Eventually, he thought of pharmacology and it all made sense to him — he could open an independent pharmacy. 

“The reason I chose Northeastern University is that I knew that Boston is one of the best cities in the world for technology and health care,” Choi says. 

PharmD, he says, is a great accelerated program that allows pharmacy students to graduate in a shorter period of time.

In spring 2023, Choi attended Demo Day as a spectator to support a friend who was pitching his venture. Observing the event made Choi think that he, too, could do the Husky Startup Challenge.

Junhyuk Choi typing on his laptop.
Northeastern Demo Day third place winner Junhyuk “Jay” Choi demonstrates how his app Med Finder will work. Photo by Alyssa Stone/Northeastern University

Choi credits Mark Yorra, senior cooperative education coordinator and clinical assistant professor of pharmacy practice at Northeastern, with helping him to come up with a solution to drug shortages.

‘Jay has always been a very curious student’

“Jay has always been a very curious student who had no previous pharmacy experience prior to coming to Northeastern,” says Yorra, who started working with Choi in the spring of 2021.

Yorra helped Choi obtain his first co-op at CVS Specialty Pharmacy in the summer of 2021 and his second co-op at Mount Auburn Hospital in the spring of 2022.  

The moment I saw those patients’ eyes desperate to get their medication on time, I thought I should do something about it. So that’s how I made up my mind to start this journey.

Junhyuk “Jay” Choi, a Northeastern student and the Demo Day third place winner

“Gaining experience in a community and hospital setting provided the foundation for his current project,” Yorra says. “I think Med Finder is a valuable tool to improve patient care, since without the medication, the patient is untreated.”

Yorra also introduced Choi to Eva Choi, a Northeastern graduate who runs an independent pharmacy, Tai Tung Pharmacy, in Boston’s Chinatown that serves the patients in the community. That is where Jay Choi thought of Med Finder as a solution for drug shortages, he says.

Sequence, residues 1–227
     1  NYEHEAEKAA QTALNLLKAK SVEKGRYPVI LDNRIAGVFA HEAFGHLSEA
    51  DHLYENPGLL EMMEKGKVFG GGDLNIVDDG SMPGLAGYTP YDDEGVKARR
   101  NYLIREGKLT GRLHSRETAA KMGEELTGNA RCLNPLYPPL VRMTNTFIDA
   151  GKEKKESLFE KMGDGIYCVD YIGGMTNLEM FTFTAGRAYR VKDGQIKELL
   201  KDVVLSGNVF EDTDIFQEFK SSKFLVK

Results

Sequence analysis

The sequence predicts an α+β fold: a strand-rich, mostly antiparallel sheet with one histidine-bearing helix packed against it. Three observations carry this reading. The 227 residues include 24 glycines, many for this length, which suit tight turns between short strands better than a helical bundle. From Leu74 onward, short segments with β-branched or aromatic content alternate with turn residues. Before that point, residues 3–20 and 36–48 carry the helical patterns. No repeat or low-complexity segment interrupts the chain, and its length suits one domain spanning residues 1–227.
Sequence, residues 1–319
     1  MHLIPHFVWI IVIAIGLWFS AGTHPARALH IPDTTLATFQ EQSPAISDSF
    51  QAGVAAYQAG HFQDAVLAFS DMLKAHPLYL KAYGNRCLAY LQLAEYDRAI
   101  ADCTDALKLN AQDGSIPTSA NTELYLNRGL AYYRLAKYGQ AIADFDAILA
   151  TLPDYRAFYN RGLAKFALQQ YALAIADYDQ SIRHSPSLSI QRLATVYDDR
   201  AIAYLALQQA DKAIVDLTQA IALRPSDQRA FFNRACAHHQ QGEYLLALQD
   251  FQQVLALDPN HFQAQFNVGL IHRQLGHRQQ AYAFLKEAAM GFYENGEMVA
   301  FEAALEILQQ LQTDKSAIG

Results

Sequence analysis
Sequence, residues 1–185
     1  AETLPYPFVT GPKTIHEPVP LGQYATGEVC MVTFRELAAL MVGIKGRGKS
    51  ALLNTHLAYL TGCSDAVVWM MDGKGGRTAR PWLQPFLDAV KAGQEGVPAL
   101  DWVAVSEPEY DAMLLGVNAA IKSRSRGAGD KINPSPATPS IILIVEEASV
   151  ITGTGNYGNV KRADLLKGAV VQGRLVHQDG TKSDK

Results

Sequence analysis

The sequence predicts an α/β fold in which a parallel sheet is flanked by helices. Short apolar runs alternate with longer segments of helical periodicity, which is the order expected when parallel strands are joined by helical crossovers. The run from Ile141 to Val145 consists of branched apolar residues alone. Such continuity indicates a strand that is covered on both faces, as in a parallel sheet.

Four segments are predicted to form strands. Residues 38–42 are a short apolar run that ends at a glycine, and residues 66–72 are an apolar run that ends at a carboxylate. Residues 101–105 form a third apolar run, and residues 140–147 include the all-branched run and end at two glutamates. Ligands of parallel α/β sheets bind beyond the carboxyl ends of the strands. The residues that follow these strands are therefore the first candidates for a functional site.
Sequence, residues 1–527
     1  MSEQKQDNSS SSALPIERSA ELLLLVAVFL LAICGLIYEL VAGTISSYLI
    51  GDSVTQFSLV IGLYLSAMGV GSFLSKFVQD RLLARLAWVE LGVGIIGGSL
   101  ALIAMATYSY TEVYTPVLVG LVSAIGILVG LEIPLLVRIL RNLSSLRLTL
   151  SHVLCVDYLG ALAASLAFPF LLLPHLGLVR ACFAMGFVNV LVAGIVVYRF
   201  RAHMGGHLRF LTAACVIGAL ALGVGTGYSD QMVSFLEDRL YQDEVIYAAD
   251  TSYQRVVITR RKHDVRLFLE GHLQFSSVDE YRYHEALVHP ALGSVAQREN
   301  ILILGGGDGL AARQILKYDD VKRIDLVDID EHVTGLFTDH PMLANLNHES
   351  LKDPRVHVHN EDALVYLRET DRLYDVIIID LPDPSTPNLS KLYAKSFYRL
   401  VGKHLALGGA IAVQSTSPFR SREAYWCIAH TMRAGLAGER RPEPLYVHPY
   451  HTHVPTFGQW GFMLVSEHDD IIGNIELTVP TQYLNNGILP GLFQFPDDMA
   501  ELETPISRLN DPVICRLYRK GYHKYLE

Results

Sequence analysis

Co-ops, Choi says, made him more passionate about what he was learning in his program and helped him memorize the names of countless drugs. He also worked at Argos, a growth-stage startup in the software development field.

“This experience helped me learn how startups work, which later on helped me organize and manage my team,” Choi says, “I really appreciate Northeastern University’s co-op program, which lets students gain experience in different fields not related to their major.”

Choi had experience in pharmacology, but not other aspects of creating an application or running a business, so he enlisted two of his Northeastern friends — one studying business and the other studying engineering. Another Northeastern graduate, also an engineer, became their technology adviser.

“It was such an honor,” Choi says. “I really appreciate my team, Northeastern students from different fields, who helped my venture to win this [Husky Startup Challenge] award. I would never have made it without them.”

While the application is being developed, Choi is working with IDEA, a student-led venture accelerator, on solidifying the business model of his venture and securing grant funding. 

“I am really grateful to Dr. Yorra’s help with connecting me to different independent pharmacies, and [I’m] also thankful for different professors from our pharmacy school who taught me valuable information and always tried to help me with this idea,” Choi says.